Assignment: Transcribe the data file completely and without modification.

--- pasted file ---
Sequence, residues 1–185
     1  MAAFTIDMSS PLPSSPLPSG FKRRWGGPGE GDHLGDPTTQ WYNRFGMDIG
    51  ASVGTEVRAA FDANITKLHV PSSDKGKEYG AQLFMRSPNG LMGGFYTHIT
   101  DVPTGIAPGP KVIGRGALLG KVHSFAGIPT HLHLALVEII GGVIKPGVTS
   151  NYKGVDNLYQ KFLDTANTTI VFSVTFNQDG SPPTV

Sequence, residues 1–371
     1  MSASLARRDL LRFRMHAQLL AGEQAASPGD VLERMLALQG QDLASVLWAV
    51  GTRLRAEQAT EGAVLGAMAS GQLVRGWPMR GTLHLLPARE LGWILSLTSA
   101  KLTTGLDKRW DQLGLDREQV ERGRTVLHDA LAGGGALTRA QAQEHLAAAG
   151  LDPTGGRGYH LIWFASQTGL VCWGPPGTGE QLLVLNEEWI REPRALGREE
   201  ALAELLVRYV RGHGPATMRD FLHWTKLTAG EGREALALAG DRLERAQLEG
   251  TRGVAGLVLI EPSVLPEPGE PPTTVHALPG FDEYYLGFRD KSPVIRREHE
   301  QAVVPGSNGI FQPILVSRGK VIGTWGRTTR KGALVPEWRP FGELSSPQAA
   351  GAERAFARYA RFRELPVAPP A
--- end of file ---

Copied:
Sequence, residues 1–185
     1  MAAFTIDMSS PLPSSPLPSG FKRRWGGPGE GDHLGDPTTQ WYNRFGMDIG
    51  ASVGTEVRAA FDANITKLHV PSSDKGKEYG AQLFMRSPNG LMGGFYTHIT
   101  DVPTGIAPGP KVIGRGALLG KVHSFAGIPT HLHLALVEII GGVIKPGVTS
   151  NYKGVDNLYQ KFLDTANTTI VFSVTFNQDG SPPTV

Sequence, residues 1–371
     1  MSASLARRDL LRFRMHAQLL AGEQAASPGD VLERMLALQG QDLASVLWAV
    51  GTRLRAEQAT EGAVLGAMAS GQLVRGWPMR GTLHLLPARE LGWILSLTSA
   101  KLTTGLDKRW DQLGLDREQV ERGRTVLHDA LAGGGALTRA QAQEHLAAAG
   151  LDPTGGRGYH LIWFASQTGL VCWGPPGTGE QLLVLNEEWI REPRALGREE
   201  ALAELLVRYV RGHGPATMRD FLHWTKLTAG EGREALALAG DRLERAQLEG
   251  TRGVAGLVLI EPSVLPEPGE PPTTVHALPG FDEYYLGFRD KSPVIRREHE
   301  QAVVPGSNGI FQPILVSRGK VIGTWGRTTR KGALVPEWRP FGELSSPQAA
   351  GAERAFARYA RFRELPVAPP A